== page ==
“I look forward to sharing my wider programme of firearms law reform with New Zealanders. We need simple and effective regulation that contributes to the safety of New Zealand communities by keeping firearms out of the hands of those who would misuse them." 

Press Release Nicole McKee:    

Clubs & Ranges Q and A

1) How did the law changes made to clubs and ranges by the last government “go beyond" what was required? 

  • The changes made by Labour placed unnecessary regulation on clubs and ranges, many of which are organisations ran and funded by volunteers. An example of these unnecessary regulations is the current annual reporting requirements for clubs and ranges, which many clubs and ranges have told me are overly burdensome and have no clear public safety rationale.

2) Why are these changes necessary? 

  • Firearms clubs and ranges are the known eyes and ears of the firearms community. They play an important role in offering a safe environment for licenced firearms owners to practice and learn. If these clubs and ranges close due to overly burdensome regulations, then this will be lost, possibly having negative implications for public safety.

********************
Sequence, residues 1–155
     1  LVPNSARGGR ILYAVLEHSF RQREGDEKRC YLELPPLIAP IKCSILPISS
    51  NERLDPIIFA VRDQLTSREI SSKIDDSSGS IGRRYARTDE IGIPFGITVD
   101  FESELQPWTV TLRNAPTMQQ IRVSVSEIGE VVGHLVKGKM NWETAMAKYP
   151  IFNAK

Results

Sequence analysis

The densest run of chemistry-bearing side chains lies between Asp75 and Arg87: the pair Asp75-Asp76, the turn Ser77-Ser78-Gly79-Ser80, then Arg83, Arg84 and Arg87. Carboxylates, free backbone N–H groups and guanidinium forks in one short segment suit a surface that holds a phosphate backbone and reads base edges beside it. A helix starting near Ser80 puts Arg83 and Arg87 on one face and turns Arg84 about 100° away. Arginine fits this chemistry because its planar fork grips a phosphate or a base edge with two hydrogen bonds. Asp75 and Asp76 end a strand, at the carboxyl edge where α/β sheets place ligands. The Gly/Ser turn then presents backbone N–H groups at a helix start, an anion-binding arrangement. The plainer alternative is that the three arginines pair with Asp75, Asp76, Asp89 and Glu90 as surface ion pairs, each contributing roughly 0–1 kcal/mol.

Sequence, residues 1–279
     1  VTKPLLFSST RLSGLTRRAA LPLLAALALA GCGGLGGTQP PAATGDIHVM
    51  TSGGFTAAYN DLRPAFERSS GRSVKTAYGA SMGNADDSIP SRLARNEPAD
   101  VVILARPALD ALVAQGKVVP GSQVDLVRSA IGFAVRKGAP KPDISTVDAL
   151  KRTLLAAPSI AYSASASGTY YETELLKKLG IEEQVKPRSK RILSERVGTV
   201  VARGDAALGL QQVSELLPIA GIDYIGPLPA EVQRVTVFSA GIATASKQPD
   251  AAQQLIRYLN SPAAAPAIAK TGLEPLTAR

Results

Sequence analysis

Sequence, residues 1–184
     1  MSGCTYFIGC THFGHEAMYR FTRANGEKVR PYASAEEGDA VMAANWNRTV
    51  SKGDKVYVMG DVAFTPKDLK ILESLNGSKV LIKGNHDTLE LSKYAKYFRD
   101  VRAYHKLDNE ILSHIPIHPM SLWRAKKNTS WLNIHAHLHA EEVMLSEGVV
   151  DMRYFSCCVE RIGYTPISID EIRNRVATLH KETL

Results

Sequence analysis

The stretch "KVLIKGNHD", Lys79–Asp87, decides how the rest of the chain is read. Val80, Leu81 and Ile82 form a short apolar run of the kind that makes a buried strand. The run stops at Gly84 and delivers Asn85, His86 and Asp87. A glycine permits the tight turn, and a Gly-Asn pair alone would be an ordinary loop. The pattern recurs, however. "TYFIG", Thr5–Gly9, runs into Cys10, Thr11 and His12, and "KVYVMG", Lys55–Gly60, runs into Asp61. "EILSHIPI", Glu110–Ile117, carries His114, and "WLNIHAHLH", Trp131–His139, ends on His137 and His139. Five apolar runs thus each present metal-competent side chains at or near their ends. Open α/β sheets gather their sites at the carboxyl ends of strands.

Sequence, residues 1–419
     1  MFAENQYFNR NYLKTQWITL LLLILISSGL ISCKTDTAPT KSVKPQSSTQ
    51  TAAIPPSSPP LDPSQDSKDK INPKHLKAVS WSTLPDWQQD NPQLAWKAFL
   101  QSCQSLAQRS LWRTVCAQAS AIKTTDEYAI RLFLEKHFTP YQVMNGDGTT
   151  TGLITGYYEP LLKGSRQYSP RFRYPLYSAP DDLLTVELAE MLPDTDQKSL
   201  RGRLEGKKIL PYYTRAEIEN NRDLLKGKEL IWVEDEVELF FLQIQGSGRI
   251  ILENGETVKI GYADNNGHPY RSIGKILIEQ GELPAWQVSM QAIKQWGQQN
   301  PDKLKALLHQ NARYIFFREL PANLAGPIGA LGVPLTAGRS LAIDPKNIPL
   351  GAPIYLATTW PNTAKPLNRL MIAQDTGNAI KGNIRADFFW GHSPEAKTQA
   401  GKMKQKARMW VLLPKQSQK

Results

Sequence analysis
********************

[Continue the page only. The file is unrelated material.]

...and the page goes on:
3) How do clubs and ranges keep the public safe? 

  • Education around the safe use, storage, and transportation of firearms is essential for public safety. Firearms clubs and ranges provide these opportunities. Without clubs and ranges, licenced firearms owners will not be exposed to this valuable knowledge, impacting upon public safety.

4) Why shouldn't these clubs need to comply with annual report requirements? 

  • Annual reporting requirements will remain in place for pistol clubs. I have heard from many non-pistol clubs that they are having difficulty meeting current reporting requirements. As a short-term measure, I am streamlining reporting requirements for non-pistol clubs to avoid placing unnecessary burden upon clubs and ranges when there is no clear public safety rationale.

5) What organisations/groups are MoJ consulting with? And why is the consultation not wider?